Well, this month was going to be April Showers, so it was supposed to be dedicated to sad and emotional books. But then we had the Great Bedroom Flood of 2018, which ruined SOOOOOO MANY of my books. The bottoms of most of my graphic novels and several unread novels were soaked, causing the pages to warp, discolor and stick together. I wasn't too upset about the ones I had already read, but some of these books were brand new or just purchased at the Metro Book Sale.
So, now April Showers means floods and water in the literal sense. I'm going to read the few books I salvaged that needed reading. Hopefully the pages aren't too stuck together.
Before I read these I swear I will get through Envy and Splendor. I SWEAR.
Also, Oklahoma teachers on strike. And I am behind them all the way. Teachers need better pay and our schools need more money! Oklahoma ranks 49th in the country in education.
P.S. Friday was a terrible day. Saturday wasn't. Sunday was even better. Hope you guys are having a pretty good go of things.
I generally get a sense of foreboding when I read on a book's cover, "NOW A MAJOR MOTION PICTURE", even more so when I have seen said movie. "The Best Exotic Marigold Hotel" is a good example, in that it is a glorious 'feel good' film, with a host of wonderful actors, setting the bar high for the preceding novel, which I notice was previously entitled, "These Foolish Things". But, notwithstanding this book has apparently inspired a successful cinema formulation, would it be any good?
The answer is 'yes', Deborah Moggach's original novel is really well conceived and the interplay between the cast of characters is comical, poignant and even touching at times. However, the downside to seeing the movie first is a sense of disappointment that the book has not been faithfully reproduced on the screen. Some parts that have been 'bigged up' for the cinema-going public proved to be relatively modest on reading the book. Unsurprising perhaps, when the talents of Dame Judi Dench, Dame Maggie Smith et al are at hand, but the young charismatic Indian entrepreneur (played by Dev Patel) shown on the book's cover with his beautiful girlfriend, doesn't actually exist in the intervening pages. Instead, Sonny is middle-aged, rather dull and a 'bit part', compared to his central role in the screen version.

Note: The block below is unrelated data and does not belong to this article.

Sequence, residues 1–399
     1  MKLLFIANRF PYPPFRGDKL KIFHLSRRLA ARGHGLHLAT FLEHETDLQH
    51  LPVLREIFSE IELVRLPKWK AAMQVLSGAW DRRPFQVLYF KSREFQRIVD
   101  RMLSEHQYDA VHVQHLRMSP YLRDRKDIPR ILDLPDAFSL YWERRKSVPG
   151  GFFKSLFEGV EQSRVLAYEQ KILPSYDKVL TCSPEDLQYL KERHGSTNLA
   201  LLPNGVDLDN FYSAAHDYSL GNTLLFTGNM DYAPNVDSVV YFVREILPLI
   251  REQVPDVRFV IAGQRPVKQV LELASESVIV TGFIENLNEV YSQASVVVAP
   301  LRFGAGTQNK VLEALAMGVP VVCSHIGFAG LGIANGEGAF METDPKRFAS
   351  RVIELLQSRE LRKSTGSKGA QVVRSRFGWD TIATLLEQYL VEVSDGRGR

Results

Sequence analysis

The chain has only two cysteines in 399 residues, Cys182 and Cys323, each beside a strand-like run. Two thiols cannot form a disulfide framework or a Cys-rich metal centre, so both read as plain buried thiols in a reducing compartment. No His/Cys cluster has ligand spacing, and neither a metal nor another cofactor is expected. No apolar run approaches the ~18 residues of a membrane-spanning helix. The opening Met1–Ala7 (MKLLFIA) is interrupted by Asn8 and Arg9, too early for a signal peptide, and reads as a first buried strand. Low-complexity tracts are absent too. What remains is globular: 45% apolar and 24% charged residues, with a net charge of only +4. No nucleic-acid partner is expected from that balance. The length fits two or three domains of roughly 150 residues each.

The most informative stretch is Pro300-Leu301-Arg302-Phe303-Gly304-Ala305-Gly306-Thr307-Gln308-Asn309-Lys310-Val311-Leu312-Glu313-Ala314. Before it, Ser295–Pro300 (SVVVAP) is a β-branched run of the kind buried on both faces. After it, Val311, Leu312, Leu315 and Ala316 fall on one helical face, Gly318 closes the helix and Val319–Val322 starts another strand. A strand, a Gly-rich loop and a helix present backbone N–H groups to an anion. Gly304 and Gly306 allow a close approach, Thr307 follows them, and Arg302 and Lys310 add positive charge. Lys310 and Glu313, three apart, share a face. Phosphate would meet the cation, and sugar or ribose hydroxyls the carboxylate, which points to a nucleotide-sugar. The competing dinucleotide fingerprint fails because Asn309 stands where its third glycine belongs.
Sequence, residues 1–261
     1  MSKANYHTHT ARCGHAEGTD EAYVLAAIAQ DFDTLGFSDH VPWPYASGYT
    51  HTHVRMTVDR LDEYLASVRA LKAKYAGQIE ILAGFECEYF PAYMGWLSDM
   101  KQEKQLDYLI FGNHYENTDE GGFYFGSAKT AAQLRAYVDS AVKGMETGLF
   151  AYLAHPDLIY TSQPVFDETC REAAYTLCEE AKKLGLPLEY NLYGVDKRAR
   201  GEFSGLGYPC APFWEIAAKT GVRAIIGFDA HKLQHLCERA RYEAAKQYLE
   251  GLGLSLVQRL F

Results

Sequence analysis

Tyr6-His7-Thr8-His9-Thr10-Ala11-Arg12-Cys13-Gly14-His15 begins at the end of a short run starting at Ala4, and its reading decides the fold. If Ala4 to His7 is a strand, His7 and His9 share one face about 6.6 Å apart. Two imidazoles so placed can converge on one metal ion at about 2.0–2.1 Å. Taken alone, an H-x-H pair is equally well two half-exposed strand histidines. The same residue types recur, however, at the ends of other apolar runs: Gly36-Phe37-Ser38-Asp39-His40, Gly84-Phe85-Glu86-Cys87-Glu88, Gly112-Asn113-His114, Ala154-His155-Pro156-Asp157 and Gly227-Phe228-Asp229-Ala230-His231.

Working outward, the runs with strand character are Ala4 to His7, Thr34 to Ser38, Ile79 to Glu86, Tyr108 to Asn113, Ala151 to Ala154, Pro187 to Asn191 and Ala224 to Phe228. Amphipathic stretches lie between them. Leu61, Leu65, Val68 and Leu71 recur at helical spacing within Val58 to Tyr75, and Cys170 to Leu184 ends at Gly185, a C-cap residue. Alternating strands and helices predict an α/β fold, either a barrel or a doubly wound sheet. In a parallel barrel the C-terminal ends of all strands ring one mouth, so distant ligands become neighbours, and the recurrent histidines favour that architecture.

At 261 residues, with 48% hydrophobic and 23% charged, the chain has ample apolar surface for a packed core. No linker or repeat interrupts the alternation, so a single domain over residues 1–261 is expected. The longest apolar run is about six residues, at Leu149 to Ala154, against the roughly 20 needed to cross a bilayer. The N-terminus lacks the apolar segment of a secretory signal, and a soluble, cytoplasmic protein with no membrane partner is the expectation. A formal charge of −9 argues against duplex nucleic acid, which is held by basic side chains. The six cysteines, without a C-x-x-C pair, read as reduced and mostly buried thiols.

In contrast to the Hollywood meets Bollywood makeover, the book is earthier and the characters' back-stories more authentic, in turn making the plot lines more plausible. At a time when the UK's National Health Service is creaking under the pressures of an ageing population and traditional family loyalties are equally stressed, the advantages of shipping out to a new retired life in a strange land is a tantalising prospect The comparing and contrasting of cultures within the book was also arguably more nuanced and the author holds up an interesting mirror on what it is to grow old in modern societies. East and West both have their 'hidden' populations of the 'uncared for'. But, perhaps the message of the book is that for those with an adventurous or courageous spirit and a willingness to share and create new social circles, life retains a wealth of possibilities.
The title is an interesting aside, but for me the book is much more explicitly about the characters and the dilapidated hotel merely a backdrop, albeit a useful metaphor, for which the original title may have better preserved the distinction. Still, despite the apparent temptation to ride the coat-tails of a successful movie, this book is, of itself, worth a read and perhaps for people of a certain age provides important fuel for thought.
“Marigold is a hundred haikus of loneliness, pages torn from Baudelaire’s dream journal, the suicide note as high art." Kevin Maloney´s blurb for Marigold was what intrigued me at first about it, minus the "suicide note as high art", plus the beautiful cover did it for me. Torn with broken lines, dark but with the bright flowers in between, it sums up the book pretty well.
Or as the book description says, "A thirty-something floral salesman searches for reasons to keep living." which btw sorta contradicts the text itself, "Eight hours asleep every night for twenty-nine years." and "I´m almost thirty (...)", but I assume the author, and the publisher, knows something which I don´t. Either that, or they fucked up so bad they invented a new religion.*
By now I´ve read Marigold twice, more two and a half times, and for a whole week now I was trying to type up something that vaguely resembles a review... and I couldnt do it. 63 attempts, roughly, but like I was stuck in my own version of If On A Winter´s Night A Traveler with many a false starts and faulty endings. I had to step back and walk away for a while. I am not sure why or what took me so long. To think about my own life, maybe?, to think about what I want to achieve, where I want to be in a year, in five, in ten. I don´t know. I only know on a level Marigold, at the best of times, cracked me open from the inside.